I’d say most hospitals are somewhere between disarray and madness. That doesn’t even account for IDNs with hospitals from 50 beds to 1,000 beds that face the daunting challenge of getting all of them to agree on a single software setup that reflects their intra-group disarray.

Certain hospital areas are so ruggedly individualistic that nobody else understands them 90 percent of the time (peds, oncology, surgery, ED, and ICU). Experienced nurses who transfer in feel like new grads all over again because everything is different (that’s a big problem right there). They defiantly stick with puzzling practices and dare well-intentioned outsiders (like administrators) to understand what they do, much less change it.

Those practices mimic the medical education of the doctors who work there, which rewards specialization. Each specialty proudly creates its own lingo, methods, and forms. Sometimes they’re necessary extensions, sometimes plainly bizarre and illogical practices used like gang colors – to make sure outsiders know they’re outsiders.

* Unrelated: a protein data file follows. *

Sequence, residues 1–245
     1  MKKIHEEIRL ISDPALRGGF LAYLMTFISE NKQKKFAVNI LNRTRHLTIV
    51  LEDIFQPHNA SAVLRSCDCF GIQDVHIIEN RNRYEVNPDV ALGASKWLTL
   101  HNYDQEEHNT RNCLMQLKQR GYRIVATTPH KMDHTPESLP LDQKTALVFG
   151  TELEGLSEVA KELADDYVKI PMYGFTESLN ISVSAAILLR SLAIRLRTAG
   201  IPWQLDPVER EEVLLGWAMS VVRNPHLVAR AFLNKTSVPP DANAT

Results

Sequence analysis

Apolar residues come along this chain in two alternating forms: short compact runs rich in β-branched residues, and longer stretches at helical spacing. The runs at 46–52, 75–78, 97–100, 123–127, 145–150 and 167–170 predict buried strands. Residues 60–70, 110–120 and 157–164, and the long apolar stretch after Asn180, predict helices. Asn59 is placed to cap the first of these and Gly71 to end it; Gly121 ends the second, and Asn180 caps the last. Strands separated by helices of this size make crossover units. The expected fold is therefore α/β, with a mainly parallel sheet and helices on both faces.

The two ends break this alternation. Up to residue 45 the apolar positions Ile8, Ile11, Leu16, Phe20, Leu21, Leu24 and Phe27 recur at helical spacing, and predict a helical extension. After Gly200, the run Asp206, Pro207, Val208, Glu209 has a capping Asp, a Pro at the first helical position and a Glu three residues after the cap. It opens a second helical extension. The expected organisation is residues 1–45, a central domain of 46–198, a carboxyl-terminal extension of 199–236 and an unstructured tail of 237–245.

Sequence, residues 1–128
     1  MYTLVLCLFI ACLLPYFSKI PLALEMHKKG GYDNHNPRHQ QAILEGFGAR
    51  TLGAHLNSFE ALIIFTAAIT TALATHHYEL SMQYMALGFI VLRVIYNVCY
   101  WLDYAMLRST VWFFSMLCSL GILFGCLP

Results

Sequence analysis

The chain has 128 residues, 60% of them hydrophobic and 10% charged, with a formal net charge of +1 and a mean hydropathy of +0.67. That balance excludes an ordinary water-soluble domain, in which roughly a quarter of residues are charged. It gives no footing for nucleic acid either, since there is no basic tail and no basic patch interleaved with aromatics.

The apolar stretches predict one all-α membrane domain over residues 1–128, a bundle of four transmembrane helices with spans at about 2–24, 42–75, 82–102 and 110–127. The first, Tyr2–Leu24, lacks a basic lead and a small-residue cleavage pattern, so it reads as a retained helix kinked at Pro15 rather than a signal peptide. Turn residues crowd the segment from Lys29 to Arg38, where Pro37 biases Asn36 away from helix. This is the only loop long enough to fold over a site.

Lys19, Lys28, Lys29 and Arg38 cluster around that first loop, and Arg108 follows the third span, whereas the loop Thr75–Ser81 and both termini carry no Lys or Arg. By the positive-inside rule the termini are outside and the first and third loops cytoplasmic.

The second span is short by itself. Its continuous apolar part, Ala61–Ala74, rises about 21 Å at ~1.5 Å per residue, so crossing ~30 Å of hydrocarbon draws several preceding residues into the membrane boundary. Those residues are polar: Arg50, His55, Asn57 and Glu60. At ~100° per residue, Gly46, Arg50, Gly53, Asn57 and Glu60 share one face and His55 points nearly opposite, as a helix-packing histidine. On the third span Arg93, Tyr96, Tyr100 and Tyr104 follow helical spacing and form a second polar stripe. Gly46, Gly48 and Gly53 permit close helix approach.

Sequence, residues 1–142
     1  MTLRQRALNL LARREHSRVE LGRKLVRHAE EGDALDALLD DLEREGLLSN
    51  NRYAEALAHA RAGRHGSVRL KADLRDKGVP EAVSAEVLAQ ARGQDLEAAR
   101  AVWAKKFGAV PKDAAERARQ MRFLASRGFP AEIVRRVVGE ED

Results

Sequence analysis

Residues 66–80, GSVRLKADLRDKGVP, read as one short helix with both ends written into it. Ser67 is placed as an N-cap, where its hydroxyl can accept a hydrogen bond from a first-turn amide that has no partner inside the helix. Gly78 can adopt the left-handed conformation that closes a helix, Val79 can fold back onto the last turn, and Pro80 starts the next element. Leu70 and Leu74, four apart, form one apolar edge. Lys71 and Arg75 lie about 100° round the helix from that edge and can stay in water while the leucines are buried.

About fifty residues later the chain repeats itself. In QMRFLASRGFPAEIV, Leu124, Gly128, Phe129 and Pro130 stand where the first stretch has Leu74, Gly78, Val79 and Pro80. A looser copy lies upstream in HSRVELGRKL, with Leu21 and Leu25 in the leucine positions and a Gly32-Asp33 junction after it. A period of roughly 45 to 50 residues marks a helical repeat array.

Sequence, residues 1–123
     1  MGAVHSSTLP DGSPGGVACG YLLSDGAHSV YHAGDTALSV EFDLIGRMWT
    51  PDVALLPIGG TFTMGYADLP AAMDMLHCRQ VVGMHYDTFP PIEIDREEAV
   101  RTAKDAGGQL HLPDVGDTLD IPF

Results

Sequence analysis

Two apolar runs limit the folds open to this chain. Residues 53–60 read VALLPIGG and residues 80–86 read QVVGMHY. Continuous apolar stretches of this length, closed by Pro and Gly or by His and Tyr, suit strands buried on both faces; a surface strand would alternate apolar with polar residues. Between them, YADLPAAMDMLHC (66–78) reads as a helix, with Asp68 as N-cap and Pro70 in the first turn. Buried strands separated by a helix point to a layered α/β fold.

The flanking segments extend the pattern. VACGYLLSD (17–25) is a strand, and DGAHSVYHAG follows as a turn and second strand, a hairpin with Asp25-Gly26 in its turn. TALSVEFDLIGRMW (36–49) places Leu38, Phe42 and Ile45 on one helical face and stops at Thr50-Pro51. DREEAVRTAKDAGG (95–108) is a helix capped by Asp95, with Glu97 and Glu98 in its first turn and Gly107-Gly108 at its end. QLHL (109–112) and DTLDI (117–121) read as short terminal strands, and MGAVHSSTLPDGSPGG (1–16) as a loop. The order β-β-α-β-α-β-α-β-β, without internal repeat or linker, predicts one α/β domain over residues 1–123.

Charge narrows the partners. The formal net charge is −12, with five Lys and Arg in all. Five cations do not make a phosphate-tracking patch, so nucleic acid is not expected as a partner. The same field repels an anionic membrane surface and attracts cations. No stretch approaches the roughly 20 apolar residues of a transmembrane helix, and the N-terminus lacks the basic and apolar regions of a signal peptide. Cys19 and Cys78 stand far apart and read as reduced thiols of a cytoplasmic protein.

That’s why best-of-breed systems designed for those specialty areas won’t go away in the foreseeable future. That’s also why systems that all areas use, like CPOE and clinical documentation, can turn into an unmanageable stew of configurability options that drive vendors crazy when they’re trying to program and test changes. Instead of delivering strategic new functionality, products keep moving laterally with new options to be chosen once, even though a given client will just set it and forget it without receiving any real benefit.

Vendors have it tough. The respective agendas of current customers vs. prospects are very different. Entire new functionality may interest only a few potential users. The most vocal users are the showcase accounts, like academic medical centers, who demand changes that make no sense to the average hospital. Any resemblance to consensus is accidental.

(And here’s a vendor kudo: what little standardization exists in hospitals can be attributed to three groups: software vendors, the Joint Commission, and professional organizations for specific disciplines.)

Maybe it’s asking too much for vendors to deliver off-the-shelf software that every hospital can not only use, but love. One size doesn’t fit all.